By Sarah N. Lynch
WASHINGTON, April 19 The top Democrat on the
U.S. House Financial Services Committee has introduced a bill
that would give federal securities regulators the power to
impose fees on investment advisers to help the agency expand and
improve its examinations.
The bill from Financial Services Ranking Member Maxine
Waters and Maryland Democratic Congressman John Delaney aims to
help the Securities and Exchange Commission afford to hire more
examiners to conduct inspections of advisory firms.
"This legislation answers a funding gap which has been
largely responsible for the infrequency of investment adviser
exams, and represents the simplest and most direct method for
achieving the desired result: improved quality and quantity of
these exams," Waters said in a statement.
The SEC has long complained it does not have the resources
to properly examine the investment advisory industry. Currently
it is only able to conduct exams of about 8 percent of its
11,000 registered advisers.
The bill is similar to legislation Waters introduced last
year. But whether it can get any traction in the
Republican-controlled House remains to be seen.
There has long been controversy and disagreement over how to
improve the frequency and quality of adviser exams.
Some lawmakers and the brokerage industry have called for
the creation of a self-regulatory organization, or SRO, such as
the brokerage industry-funded Financial Industry Regulatory
Authority, to take on the task.
FINRA has lobbied for the job. Last year, it won the backing
of former House Financial Services Chairman Spencer Bachus, who
introduced dueling legislation with Waters' bill to create an
But the advisory industry and state regulators are staunchly
opposed to having an SRO, particularly if it is FINRA.
They say FINRA, which self-polices brokerages, would not be
a good fit for the advisory business and they prefer to have the
SEC do the exams.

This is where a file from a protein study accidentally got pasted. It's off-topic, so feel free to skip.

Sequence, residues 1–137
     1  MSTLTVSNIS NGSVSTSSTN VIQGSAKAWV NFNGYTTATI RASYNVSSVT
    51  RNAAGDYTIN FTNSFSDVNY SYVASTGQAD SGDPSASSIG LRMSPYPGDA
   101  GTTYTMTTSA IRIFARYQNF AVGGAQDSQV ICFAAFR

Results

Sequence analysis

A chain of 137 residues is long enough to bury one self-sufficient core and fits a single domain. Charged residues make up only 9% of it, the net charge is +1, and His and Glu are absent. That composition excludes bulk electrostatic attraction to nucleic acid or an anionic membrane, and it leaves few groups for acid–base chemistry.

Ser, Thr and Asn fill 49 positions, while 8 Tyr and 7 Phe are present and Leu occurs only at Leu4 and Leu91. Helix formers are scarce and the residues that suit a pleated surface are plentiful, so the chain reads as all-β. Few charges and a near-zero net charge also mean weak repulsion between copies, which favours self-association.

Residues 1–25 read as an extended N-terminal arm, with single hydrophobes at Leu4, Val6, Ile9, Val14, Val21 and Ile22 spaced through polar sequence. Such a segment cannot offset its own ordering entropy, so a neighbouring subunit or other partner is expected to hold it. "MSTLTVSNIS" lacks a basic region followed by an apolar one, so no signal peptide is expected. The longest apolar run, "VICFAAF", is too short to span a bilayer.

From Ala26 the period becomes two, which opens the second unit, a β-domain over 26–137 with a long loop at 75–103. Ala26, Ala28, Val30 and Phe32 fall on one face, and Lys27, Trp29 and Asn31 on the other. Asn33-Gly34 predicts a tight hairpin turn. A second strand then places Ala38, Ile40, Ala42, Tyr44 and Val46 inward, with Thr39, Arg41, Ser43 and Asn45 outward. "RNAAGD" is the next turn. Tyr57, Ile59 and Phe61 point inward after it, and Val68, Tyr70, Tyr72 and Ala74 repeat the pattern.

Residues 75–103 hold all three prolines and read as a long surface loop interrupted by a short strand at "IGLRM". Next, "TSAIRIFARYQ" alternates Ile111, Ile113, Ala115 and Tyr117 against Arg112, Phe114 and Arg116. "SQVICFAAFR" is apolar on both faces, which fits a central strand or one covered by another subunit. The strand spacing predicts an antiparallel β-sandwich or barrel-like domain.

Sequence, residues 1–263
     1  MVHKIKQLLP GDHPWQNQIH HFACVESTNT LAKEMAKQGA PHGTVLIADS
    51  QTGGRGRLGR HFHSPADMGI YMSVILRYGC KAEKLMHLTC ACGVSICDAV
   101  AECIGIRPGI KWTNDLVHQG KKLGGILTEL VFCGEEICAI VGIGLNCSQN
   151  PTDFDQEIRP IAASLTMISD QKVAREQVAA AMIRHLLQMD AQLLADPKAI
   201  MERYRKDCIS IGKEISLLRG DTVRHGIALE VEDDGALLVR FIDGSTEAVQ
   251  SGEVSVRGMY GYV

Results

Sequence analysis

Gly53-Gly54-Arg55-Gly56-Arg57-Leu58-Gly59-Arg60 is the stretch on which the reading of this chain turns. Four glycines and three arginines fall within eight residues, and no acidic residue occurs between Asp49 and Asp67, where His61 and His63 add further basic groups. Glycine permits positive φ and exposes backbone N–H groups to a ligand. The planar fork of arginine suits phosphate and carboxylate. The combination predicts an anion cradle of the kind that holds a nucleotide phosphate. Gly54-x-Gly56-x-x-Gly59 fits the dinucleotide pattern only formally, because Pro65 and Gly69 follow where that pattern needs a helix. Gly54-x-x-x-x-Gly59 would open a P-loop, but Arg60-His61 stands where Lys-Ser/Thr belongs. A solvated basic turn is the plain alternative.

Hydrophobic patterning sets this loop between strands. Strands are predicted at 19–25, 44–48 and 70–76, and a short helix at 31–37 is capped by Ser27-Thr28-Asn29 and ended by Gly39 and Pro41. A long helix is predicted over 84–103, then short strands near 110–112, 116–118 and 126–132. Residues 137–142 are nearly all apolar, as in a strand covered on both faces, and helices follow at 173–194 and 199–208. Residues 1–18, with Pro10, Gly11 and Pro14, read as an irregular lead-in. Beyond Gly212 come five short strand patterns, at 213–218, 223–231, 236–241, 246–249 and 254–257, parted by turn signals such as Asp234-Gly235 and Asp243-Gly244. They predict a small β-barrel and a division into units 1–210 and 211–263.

The head of FINRA told Reuters in February that his group
was backing off its SRO lobbying campaign until, at least, such
a measure had broader support from lawmakers and the
SEC itself. But FINRA released a statement on
Friday saying current levels of investment adviser oversight and
examinations are "unacceptable and a risk to investors." The
"significant gap" in investor protection needs to be addressed,
The SEC, in the meantime, continues to lacks the funding to
comprehensively expand its examination program. It wants U.S.
lawmakers to boost its funding, in part, so that it could add
250 more examiners. President Barack Obama's proposed $3.77
trillion budget for fiscal 2014 would increase the SEC budget by
27 percent to $1.67 billion.
Both the industry and state regulators praised the
Waters-Delaney bill on Friday.
"This legislation represents the smartest, fastest, and most
cost-effective solution to ensure greater frequency of
investment adviser examinations," said Investment Adviser
Association Executive Director David Tittsworth.
Heath Abshure, president of the North American Securities
Administrators Association, which represents state regulators,
added in a separate statement that the bill would enhance
oversight of advisers while avoiding "doing so at taxpayers'